The wind howled outside his window, adding to the feeling of melancholy that pressed down on him. The soft swish of snow across the panes sounded like waves crashing on the shore of some far away beach. He tossed in the bed and caught onto the image in his mind. A happy place, something out of a picture postcard.  Concentrating on it, he imagined palm trees, a beach, the ocean and in the distance, a perfect sunset.  With a sigh, he relaxed against the warmth of the blankets and allowed the slow rolling numbness working through his veins pull him under.

Instead of the nothingness he was prepared for, he was confused. He’d expected after the drugs dragged him under that there would be nothing but rest, instead he felt the sadness increase, a desperation that wasn’t his own coloring the edges of it. Why couldn’t he break free? Why was he being held prisoner in his mind? He knew it was useless to struggle against whatever was holding him here. It was too powerful, he had learned that long ago. The nothing he’d been inhabiting washed around him once more, but this time he could make out a shape in the distance. As he concentrated on it, the edges of it became sharper, until he could make out a generic beige bathroom and a man, bent over, one hand poised above the wrist of the other hand. Intensely focused, whatever he was doing taking all of his concentration.

He felt more than saw the tremble in the other man’s fingers, the hesitation. He could feel the coolness of the steel like it was between his own fingertips. The rush of blood in his ears as the adrenaline started to take over. He could taste the cold metal of fear in the back of his throat, overtaking the warm sweetness of the alcohol he could also taste there.

Confusion was giving way to panic now.  The fingers were not his own, as hard as he tried to stop them from their task, he couldn’t. He was trapped inside of this…body? Mind? He didn’t know.

Flashes came to him, first was a name, Cole,  a family, younger siblings, another man that was someone special, but refused to be anything more than a friend with secret benefits. Friends that were a surrogate family. No, more than friends, he thought, they were a family. Words and melody washed over him, a perfect harmony of voices that trailed off in the blaze of rapid fire camera flashes.  He saw a best friend that was the older brother so craved for in youth. There was so much love around, even from the reluctant lover, how could he not see it? It nearly enveloped every part of his life.

As soon as he wondered, he could start to see why. A shattered heart, the pieces of it clung together loosely in his chest, ready to shatter at the slightest touch. The family he had seen morphed into line of puppets whose strings were pulled by two Svengali masters, not caring about those at the end of the strings, as long as they continued to perform on command.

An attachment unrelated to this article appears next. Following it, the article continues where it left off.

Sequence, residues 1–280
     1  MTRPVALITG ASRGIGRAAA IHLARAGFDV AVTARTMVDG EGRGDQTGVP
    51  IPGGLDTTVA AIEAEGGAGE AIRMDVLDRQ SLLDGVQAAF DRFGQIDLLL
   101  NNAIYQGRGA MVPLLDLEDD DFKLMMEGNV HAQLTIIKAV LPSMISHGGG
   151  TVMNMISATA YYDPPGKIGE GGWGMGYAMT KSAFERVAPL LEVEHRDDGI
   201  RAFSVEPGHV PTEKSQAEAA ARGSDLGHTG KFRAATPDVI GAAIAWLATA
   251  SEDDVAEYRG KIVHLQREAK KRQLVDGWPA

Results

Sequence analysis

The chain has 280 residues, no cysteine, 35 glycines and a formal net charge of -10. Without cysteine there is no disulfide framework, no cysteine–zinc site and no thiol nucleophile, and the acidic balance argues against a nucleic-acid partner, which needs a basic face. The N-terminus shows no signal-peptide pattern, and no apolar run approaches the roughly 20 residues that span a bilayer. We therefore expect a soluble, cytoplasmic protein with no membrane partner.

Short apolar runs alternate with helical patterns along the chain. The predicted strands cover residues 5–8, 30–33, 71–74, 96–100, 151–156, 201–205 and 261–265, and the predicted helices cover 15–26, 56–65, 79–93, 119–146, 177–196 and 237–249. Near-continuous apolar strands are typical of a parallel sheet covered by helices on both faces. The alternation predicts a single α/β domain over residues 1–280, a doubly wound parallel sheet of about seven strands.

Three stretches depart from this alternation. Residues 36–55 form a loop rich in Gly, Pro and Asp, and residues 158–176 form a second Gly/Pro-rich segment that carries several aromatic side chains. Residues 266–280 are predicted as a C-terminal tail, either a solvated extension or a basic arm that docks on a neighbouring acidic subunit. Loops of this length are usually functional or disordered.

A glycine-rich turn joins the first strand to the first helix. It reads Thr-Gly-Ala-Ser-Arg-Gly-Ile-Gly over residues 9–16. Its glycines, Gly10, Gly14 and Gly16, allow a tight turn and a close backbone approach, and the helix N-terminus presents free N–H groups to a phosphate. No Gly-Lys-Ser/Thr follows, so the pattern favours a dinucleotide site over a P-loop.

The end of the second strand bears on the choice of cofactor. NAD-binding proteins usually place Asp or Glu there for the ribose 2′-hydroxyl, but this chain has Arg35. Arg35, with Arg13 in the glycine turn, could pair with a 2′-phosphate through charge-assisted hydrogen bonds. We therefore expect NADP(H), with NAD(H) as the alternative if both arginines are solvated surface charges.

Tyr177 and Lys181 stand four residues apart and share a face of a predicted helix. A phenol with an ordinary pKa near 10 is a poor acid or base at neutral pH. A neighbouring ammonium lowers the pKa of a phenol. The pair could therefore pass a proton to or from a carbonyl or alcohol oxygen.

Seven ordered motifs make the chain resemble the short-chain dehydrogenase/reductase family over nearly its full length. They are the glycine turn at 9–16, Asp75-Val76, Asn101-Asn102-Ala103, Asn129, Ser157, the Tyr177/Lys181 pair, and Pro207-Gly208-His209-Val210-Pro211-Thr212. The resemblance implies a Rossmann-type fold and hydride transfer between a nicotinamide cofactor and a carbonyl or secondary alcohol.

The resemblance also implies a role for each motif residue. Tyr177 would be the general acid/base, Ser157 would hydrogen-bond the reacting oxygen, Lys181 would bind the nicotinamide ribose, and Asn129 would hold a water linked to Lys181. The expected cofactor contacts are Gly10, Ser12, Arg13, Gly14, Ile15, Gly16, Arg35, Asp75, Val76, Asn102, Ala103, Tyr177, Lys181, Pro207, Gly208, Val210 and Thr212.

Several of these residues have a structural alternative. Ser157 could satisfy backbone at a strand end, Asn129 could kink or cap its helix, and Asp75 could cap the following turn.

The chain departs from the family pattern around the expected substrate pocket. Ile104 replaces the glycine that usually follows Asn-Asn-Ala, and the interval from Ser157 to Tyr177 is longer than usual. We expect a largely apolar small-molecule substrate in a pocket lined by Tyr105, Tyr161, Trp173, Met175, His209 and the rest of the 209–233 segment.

Panic washed over him. There was good there, why couldn’t it be seen? This was wrong, that this isn’t what he truly wanted.  He couldn’t let it all be lost. He’d seen it happen before, he had to make him stop. He breath drew in, a deep gasping breath as the edge dug in to flesh and breached the surface.

Cole’s fingers trembled against the steel, his body silently checking his confidence in what he was doing. He gripped harder in answer. Closing his eyes, he took deep breaths to calm himself.

Come on Shaw, don’t fuck this up. Do something right for once.

He took in a breath and held it in unconsciously, bringing the razor’s edge to his flesh. He felt the sting of the blade sinking slowly into the skin and moving in a downward path, slicing a clean line down the length of his vein. A gasp came from his lips as his fingers froze.


The cry roared through the air or inside of his head, he couldn’t tell, but it startled Cole so much that his hand jumped and the razor blade flew, clattering to the floor and leaving drops of blood across the tiles.

His hand instinctively clamped over his wrist, trying to stop the blood flow, or to try to deny to himself what he had done, Cole wasn’t sure. if it was denial, it didn’t last long as the blood crept past his attempt at a barrier and started oozing between his fingers. A cry of pain left his lips, but it wasn’t alone in his ears. Another voice, a softer cry, joined his.

Short Story: Cadence

27 02 2011

Inspiration comes from the oddest places and circumstances. The following short story was started sitting in the ICU area of my hometown hospital, spending time at the bedside of my dying grandmother. One afternoon, a family came in and sang to their relative and it was as beautiful as it was painful to behold. Before the last note even faded from the air, I had my notebook open and the pen laying trails across the page. I haven’t found a home for it yet and it may be that it’s only home will be here.